This reflection is brought to you by an experience on Saturday, doing a small studio event shoot for my social club. I've been doing these costumed dinner shoots for what seems like decades...and the places that we end up cover a wide spectrum of suitability.

Best ones used to be the halls with big stages and lots of electrical outlets and two big sets of stairs up the sides. Those were spaces where you could haul a backdrop stand kit and three big studio flashes and a big wooden posing chair and a a variety of backdrops and furniture throws. The sitters could swan up in big gowns and nothing got snagged.

Then we got to the smaller hall - one AC socket, narrower stage, one pair of stairs. Harder to get the people onto the set, but the small compass of it meant that only one studio strobe was possible - with a big beauty dish you could manage it. One memorable setup hooked Manfrotto clamps and arms off a Manfrotto light stand and slung a square-format film camera under the beauty dish...and it worked a treat. But squeezy.

Last Saturday saw perhaps the narrowest stage yet - a sub-branch hall for the RSL that was built in the 50's. Just enough stage for a speaker and a flag - and the flag was tacked to the wall. Not even wide enough to unfurl the regular backdrop on the backdrop stands.

That was solved by collapsing the support pole and putting the side stands en echelon. There was room to put one light stand on the stage for the portable speed light ( we have eschewed the studio lights in the field and are not ashamed of it...) and as long as you shepherded the sitters past the black legs of the stand in the semi-dark, you could get a reasonable portrait. A big umbrella did the trick - like a beauty dish but I could shelter under it as I took the stuff back to the car in the rain.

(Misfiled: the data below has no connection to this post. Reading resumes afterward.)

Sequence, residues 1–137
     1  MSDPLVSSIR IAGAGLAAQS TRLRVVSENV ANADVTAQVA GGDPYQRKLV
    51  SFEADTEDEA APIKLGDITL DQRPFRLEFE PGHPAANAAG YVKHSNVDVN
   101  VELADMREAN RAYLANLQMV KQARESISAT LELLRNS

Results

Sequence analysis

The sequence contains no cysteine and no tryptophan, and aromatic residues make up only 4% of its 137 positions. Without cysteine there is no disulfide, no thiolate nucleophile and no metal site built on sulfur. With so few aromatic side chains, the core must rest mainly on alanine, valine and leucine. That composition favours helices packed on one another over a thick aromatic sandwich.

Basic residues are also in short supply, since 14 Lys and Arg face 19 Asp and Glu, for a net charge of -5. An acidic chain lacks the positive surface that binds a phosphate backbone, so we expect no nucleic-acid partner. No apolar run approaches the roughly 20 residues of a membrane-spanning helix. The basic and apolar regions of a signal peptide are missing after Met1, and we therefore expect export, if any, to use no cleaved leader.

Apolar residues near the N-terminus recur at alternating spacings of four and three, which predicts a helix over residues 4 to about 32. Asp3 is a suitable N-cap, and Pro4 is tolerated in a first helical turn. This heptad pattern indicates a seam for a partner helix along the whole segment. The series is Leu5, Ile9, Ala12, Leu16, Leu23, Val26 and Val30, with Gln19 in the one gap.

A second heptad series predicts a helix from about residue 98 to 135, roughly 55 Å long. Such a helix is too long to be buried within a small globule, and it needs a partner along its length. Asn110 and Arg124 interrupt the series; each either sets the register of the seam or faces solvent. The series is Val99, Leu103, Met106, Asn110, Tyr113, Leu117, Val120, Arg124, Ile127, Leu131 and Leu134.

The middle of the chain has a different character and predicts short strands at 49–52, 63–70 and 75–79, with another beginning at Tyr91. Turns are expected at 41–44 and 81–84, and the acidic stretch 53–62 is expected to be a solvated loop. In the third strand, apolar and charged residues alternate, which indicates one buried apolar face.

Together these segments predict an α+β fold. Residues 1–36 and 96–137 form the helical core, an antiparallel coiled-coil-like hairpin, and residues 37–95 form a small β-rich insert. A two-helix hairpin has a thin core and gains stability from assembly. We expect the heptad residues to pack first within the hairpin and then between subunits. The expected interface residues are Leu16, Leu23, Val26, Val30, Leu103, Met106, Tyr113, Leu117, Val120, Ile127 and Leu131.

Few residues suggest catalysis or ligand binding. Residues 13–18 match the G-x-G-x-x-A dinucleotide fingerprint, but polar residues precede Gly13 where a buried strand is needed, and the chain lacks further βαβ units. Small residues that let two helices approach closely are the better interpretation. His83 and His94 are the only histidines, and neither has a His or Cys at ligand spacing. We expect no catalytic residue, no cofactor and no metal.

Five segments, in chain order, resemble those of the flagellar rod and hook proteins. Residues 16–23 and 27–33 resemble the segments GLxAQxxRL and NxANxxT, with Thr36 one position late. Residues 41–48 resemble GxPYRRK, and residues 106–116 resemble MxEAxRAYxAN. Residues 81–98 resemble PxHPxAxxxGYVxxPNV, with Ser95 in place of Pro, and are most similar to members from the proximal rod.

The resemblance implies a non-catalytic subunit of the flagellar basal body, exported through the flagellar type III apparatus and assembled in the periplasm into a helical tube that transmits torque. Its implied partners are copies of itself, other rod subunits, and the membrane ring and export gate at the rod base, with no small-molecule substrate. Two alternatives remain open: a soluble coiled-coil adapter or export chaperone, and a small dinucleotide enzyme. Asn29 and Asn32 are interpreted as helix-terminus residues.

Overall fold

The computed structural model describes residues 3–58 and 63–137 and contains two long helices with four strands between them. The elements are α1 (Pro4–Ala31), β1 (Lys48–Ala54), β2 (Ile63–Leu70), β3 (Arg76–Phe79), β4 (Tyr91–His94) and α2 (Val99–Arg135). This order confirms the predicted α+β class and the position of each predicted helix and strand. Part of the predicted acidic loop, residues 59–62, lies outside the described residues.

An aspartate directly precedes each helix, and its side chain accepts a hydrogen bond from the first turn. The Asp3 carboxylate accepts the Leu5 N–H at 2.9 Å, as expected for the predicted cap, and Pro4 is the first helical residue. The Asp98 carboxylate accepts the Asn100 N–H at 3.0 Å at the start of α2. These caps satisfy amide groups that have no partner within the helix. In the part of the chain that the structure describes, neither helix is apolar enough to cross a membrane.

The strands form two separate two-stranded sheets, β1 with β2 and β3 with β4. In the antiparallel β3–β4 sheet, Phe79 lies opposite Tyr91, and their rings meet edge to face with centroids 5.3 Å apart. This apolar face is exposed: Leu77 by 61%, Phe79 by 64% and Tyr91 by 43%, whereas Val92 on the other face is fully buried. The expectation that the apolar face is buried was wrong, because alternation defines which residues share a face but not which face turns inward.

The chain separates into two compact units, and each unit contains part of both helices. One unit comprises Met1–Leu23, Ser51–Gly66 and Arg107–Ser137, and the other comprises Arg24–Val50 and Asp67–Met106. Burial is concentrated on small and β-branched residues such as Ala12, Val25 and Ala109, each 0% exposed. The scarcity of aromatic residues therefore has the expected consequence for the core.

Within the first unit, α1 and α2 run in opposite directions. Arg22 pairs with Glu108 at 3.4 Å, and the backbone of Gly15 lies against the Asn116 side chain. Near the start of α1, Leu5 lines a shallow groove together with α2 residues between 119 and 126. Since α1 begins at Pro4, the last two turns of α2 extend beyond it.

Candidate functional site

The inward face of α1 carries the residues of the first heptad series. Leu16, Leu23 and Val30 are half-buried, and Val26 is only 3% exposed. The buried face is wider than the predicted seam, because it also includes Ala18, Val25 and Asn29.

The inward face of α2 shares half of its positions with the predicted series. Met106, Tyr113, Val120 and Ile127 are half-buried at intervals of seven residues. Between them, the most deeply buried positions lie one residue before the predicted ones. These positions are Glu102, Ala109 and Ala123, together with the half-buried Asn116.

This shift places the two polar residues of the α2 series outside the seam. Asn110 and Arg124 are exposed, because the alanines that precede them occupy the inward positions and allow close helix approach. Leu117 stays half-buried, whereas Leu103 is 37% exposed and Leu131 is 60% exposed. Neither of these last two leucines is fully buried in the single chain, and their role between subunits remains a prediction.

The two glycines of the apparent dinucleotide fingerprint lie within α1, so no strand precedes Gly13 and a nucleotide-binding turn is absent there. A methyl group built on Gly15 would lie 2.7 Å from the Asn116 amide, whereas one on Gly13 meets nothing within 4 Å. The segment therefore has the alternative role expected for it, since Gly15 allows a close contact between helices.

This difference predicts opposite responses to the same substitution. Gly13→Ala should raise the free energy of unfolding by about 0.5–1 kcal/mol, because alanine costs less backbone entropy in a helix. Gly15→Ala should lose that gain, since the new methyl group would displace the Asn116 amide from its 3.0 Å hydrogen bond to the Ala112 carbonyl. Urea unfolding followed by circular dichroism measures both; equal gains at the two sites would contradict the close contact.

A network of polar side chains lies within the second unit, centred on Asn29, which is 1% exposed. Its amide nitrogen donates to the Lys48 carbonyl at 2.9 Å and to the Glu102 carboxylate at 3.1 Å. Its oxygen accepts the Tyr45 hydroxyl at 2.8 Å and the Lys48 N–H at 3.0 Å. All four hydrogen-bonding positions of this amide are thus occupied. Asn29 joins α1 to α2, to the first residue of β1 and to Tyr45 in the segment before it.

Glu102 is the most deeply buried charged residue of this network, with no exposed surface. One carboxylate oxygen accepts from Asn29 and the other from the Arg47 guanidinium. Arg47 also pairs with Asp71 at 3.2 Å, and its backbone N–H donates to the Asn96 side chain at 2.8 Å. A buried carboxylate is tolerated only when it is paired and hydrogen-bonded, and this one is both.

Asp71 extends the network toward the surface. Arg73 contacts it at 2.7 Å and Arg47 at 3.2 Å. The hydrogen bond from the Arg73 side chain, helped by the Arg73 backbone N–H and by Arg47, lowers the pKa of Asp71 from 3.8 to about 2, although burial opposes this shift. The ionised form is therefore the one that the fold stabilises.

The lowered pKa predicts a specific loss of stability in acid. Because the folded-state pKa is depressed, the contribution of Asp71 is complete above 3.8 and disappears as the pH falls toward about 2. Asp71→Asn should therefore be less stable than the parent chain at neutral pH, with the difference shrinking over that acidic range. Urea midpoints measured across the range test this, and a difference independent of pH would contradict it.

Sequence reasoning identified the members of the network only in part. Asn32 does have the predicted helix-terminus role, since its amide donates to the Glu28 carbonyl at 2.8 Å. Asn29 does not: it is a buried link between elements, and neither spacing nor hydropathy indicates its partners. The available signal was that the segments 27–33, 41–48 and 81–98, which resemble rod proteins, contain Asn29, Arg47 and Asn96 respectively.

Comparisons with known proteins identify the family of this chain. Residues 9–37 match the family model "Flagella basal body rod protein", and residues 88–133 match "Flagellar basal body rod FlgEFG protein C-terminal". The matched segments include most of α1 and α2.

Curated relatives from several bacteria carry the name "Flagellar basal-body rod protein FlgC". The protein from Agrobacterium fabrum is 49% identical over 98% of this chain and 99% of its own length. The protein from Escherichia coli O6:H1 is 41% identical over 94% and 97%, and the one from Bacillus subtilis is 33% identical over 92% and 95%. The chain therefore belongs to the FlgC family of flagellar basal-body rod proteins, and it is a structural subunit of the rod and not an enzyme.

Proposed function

What it pointed out, however, was the need for some form of attachment that could stick a speed light to a brick wall - that would have permitted a two-light setup. Also, some little flashing LED lights for the legs of the tripod. They put a big flashing light on that builder's crane downtown to keep low-flying helicopters out of it, and portrait sitters can cause more damage than helicopters...*

I have not quite yet been reduced to on-camera flash and posing them in the toilets, but if the venues get more crowded it may come to that. Smile and flush, Kowalski.

Uncle Dick

* I must poke around the Cullmann stock. If anyone was crazy enough to have a brick-wall support it would be Cullmann.

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Friday, June 19, 2015

Night Exposure - The Social Scene At The Oxford

No great philosophy or art, folks, but here's some pictures of the Canon EOS 5Ds night presented by Brodie Butler - and us and Fitzgerald's Photo Laboratories, for that matter. We did the setup, Fitzgerald's did the drop-dead gorgeous prints on Chromajet metallic paper, Canon supplied the brand new camera body and a beaut digital projector and the Oxford hotel supplied beer and snacks. Everyone to their own specialty.